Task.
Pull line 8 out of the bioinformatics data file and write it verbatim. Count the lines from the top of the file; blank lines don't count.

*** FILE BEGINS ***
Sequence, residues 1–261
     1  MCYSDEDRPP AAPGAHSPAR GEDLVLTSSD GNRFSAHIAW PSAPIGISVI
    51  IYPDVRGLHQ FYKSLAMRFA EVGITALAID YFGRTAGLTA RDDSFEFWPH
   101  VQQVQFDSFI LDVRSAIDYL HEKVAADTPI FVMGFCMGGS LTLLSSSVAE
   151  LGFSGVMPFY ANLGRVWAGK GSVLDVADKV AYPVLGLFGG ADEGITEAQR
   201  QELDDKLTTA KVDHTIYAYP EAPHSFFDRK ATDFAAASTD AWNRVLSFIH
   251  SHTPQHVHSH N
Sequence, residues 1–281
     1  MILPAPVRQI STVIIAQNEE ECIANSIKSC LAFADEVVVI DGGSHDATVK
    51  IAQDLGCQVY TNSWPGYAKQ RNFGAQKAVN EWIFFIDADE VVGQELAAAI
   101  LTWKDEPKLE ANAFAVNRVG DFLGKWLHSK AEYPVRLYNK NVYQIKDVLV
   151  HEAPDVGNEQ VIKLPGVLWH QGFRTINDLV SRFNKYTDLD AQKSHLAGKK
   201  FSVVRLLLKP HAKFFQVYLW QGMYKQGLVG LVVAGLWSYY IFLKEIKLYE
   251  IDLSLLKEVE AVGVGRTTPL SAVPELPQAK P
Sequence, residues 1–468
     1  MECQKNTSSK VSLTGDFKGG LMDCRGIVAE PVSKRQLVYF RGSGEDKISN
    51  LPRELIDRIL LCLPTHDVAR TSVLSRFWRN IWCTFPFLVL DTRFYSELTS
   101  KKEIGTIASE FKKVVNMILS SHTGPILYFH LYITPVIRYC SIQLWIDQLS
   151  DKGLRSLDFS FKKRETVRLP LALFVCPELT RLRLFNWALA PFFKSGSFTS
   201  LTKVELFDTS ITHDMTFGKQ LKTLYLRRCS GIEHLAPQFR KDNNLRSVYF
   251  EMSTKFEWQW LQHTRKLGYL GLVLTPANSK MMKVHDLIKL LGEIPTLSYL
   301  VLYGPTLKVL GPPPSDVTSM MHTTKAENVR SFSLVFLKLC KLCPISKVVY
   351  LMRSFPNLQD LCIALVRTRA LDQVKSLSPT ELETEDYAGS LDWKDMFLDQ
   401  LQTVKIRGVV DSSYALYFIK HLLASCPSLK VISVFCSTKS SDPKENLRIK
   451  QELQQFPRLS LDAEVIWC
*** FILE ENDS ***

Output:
Sequence, residues 1–281